I probably should have run this update/correction much earlier. Or at the very least, emphasised that even if Dr Haneef had patronised jihad websites, or somesuch, this should not of itself be a crime. But qualifying this, if he was such a patron, and he had a personal connection with in-real-life terrorists, then he should be thoroughly questioned and investigated as to his real-life links. There was hence nothing inappropriate about bringing Dr Haneef in for questioning over his real-life links to real-life (alleged) terrorists. Twelve hours of questioning over a 24 hour period should have been ample for this. In case the point needs to be made, it is not appropriate for police to detain a person for the duration it takes to inventorise, and then check as "innocent", the suspect's entire cyber-history, as oppposed to real-life links. Unless, that is, that person is reasonably suspected of planned involvement in an imminent terrorist attack. Dr Haneef's flight to India seems to rule out the latter.

The reason I didn’t run this update/correction earlier is my gratuitous lingering at the scene of an almightly train-wreck, not wanting to leave until it was officially returned to “normal”; i.e. most likely that Dr Haneef was released without charge. Some hope.

The AFP’s early incompetence, if not malevolence, should have been enough for me to know that this was going to end badly – if you’ll allow yesterday’s charging of Dr Haneef as an “end” of sorts – but I wanted to believe that the feds couldn’t be quite that bad, that maybe they knew from the beginning what the Age had found out, but were playing some kind of strategic game with the media. Plus there was, until very recently, still that apparently incriminating, handballed laptop.

To charge Dr Haneef with supporting terrorism on the basis of a mobile-phone SIM card (left with his housemate/second-cousin when Dr Haneef left England in March 2006, to start work in Australia a few months later) is a travesty. The SIM card in question was apparently under a contract until August 2006 (penultimate URL), which is important for two reasons.

But first, there are two types of people in the world: “prepaid” and “contract” types. I am definitely the latter. I simply can’t comprehend why anyone would object to getting much cheaper mobile phone costs, in return for a bit of future commitment. Another way of putting it is that we contract-types are tight with money. We don’t need a physical credit meter on our phones, as we were given a hard-wired mental “meter” at birth, thank you very much. The only downside is that contracts do sometimes turn out to be painfully long, especially when circumstances change. But don’t think that this means the “prepaids” were right all along. We “contracts” will do almost anything to avoid simply paying-out a contract we can’t use, such as because of an overseas move. Even giving a SIM-card to a friend ensures that the phone company doesn’t ever get the satisfaction of getting our money in return for precisely nothing. Simply donating one’s hard-earned cash to phone companies is for schmucks, aka “prepaids”.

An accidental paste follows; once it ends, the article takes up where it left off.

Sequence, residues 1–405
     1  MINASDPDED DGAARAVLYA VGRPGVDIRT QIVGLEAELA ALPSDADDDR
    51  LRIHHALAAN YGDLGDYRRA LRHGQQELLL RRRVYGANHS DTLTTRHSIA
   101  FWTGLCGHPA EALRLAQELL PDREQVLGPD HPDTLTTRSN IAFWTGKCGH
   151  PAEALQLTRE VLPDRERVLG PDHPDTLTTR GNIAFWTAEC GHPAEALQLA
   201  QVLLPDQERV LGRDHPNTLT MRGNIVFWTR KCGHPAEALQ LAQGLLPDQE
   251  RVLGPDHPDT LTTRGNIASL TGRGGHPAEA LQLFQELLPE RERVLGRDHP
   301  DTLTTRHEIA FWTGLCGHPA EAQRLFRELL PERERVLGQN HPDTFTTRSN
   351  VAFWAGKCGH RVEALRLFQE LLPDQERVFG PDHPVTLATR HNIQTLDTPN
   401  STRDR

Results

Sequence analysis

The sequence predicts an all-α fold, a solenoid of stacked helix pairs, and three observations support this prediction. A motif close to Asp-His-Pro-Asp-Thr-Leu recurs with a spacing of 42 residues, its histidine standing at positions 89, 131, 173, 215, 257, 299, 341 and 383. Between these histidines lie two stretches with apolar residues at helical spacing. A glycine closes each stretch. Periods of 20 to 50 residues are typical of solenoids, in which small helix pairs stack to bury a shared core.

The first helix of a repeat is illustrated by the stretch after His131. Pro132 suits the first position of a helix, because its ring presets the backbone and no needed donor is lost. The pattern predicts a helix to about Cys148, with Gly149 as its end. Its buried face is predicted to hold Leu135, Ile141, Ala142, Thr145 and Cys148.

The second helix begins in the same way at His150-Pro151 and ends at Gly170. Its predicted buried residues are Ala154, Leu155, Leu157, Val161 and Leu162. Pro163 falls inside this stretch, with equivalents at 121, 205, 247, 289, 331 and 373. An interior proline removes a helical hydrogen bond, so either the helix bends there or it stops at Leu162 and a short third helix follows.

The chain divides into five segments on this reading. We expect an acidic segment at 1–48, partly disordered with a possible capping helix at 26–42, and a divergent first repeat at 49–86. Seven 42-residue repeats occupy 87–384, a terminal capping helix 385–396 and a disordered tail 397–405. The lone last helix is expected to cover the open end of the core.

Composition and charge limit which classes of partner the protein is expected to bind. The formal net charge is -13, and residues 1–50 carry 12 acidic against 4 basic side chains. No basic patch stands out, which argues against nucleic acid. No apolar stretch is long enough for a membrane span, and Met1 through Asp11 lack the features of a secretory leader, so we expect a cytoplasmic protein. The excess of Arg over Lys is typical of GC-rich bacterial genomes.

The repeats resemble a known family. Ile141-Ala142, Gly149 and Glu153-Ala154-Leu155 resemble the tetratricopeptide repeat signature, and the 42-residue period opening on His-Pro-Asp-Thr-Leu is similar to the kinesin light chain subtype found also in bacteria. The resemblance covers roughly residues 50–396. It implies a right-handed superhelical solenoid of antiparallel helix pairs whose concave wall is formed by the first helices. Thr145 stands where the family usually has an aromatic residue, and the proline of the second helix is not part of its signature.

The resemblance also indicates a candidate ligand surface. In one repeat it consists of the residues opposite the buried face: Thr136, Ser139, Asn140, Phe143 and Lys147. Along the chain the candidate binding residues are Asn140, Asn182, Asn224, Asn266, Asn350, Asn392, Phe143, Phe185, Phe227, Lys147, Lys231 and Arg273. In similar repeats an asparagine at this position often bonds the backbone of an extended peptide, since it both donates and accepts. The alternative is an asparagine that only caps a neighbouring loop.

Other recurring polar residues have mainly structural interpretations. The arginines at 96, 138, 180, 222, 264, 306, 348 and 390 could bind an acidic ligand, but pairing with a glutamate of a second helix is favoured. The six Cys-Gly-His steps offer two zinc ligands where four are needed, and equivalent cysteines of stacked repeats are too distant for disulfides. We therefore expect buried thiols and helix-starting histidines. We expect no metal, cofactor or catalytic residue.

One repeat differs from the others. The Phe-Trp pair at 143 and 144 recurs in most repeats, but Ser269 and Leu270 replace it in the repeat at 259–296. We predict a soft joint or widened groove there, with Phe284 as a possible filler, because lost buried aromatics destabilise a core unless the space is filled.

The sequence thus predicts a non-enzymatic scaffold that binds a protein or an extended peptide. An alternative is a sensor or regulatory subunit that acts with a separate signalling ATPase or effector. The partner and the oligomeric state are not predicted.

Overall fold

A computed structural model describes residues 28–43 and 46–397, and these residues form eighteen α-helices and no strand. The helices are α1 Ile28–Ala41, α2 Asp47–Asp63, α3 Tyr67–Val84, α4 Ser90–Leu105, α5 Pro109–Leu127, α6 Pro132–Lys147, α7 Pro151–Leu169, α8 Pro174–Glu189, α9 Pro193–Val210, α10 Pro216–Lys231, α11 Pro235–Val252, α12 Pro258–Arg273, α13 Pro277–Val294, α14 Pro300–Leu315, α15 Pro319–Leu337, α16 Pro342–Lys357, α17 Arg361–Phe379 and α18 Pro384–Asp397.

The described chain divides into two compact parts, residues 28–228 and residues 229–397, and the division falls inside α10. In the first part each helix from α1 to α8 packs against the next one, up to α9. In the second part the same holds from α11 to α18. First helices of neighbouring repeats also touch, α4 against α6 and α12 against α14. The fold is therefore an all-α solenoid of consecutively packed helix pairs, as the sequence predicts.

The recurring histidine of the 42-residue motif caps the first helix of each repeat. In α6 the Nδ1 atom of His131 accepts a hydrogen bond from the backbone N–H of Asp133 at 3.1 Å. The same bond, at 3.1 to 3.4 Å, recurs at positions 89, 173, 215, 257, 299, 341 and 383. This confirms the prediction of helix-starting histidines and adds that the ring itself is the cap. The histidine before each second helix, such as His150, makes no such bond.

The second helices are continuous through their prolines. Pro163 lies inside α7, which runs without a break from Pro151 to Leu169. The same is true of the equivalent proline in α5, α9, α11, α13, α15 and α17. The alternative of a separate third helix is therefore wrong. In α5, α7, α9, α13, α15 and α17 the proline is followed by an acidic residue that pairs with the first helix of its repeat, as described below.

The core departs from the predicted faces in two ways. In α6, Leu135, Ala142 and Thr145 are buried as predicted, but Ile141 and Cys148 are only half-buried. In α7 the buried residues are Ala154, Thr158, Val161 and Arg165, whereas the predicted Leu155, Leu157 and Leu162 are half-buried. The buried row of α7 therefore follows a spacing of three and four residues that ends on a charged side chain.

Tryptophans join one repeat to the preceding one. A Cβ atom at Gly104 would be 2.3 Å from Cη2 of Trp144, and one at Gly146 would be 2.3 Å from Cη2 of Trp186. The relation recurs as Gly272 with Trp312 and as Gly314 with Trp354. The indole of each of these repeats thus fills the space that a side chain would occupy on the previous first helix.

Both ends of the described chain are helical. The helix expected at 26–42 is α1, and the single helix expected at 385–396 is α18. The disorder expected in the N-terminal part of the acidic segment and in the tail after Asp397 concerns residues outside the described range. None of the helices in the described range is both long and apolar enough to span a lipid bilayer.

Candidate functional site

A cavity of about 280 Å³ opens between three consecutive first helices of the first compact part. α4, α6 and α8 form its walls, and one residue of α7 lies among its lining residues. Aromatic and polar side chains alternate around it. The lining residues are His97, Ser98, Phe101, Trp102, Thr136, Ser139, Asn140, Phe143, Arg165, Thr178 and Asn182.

Why the obviously “prepaid” AFP has trouble understanding the other half of the human race is baffling. Contracted SIM-cards, more so than prepaid ones, are highly traceable. Contracted SIM-cards are akin to pens, writing-paper and postage stamps – if put into the hands of terrorists, then yes, they may be used for terrorist communications, but it is absurd to categorise them as inherently suspicious items. As with blank writing-paper, terrorist use of a mobile phone SIM-card left with another is to do with the message only, and not the medium. But unlike blank writing-paper, which is actually globally useful, there are, as I have said, perfectly natural and understandable reasons for giving a contracted SIM-card to a friend, when leaving a country.

After two weeks of intense media reportage, I’ll finish by awarding to the media one bouquet, and one brickbat, plus another brickbat to a truly contemptible human being. To Hedley Thomas at the Oz (who I dissed in the initial post) kudos for running in Friday’s paper (13 July), seizing on an apparent AFP leak, that the police case was basically a crock.

How pathetic of yesterday’s Age (14 July) then, to run this brown-nosing pseudo-leak, in an apparent attempt at one-upmanship:

Federal police are sceptical. In an affidavit presented to a magistrate, an officer is quoted as saying he suspected Dr Haneef "has not been entirely truthful" about his departure.

Two sources have confirmed that much of that suspicion rests on an email Dr Haneef sent just before his thwarted departure, and after news of the initial British arrests had been aired.

"He said he had to leave in a hurry. He made no mention of his sick wife or child," said one official.

By running this wafer-thin innuendo on its front page, the Age managed to more than undo its credible, nay even investigative, journalism of the previous week.

The other brickbat goes to Callum Spence, Dr Haneef’s landlord/slumlord, for making moves to evict his tenant while the doctor was locked up without charge. “[I’m only doing it] because I need the rent money” Spence, evidently one of humanity's "prepaids", was quoted as saying. You evidently need a soul more than you need money, Callum.

* The letter-writer actually writes “asylum-seeker”, no doubt choosing that odd descriptor (for a doctor recruited from the UK to Australia via completely conventional channels) because she didn’t want to sound like an uneducated racist by using the “immigrant” word. As we all know, “asylum-seekers” are the sort of immigrants who throw their children overboard.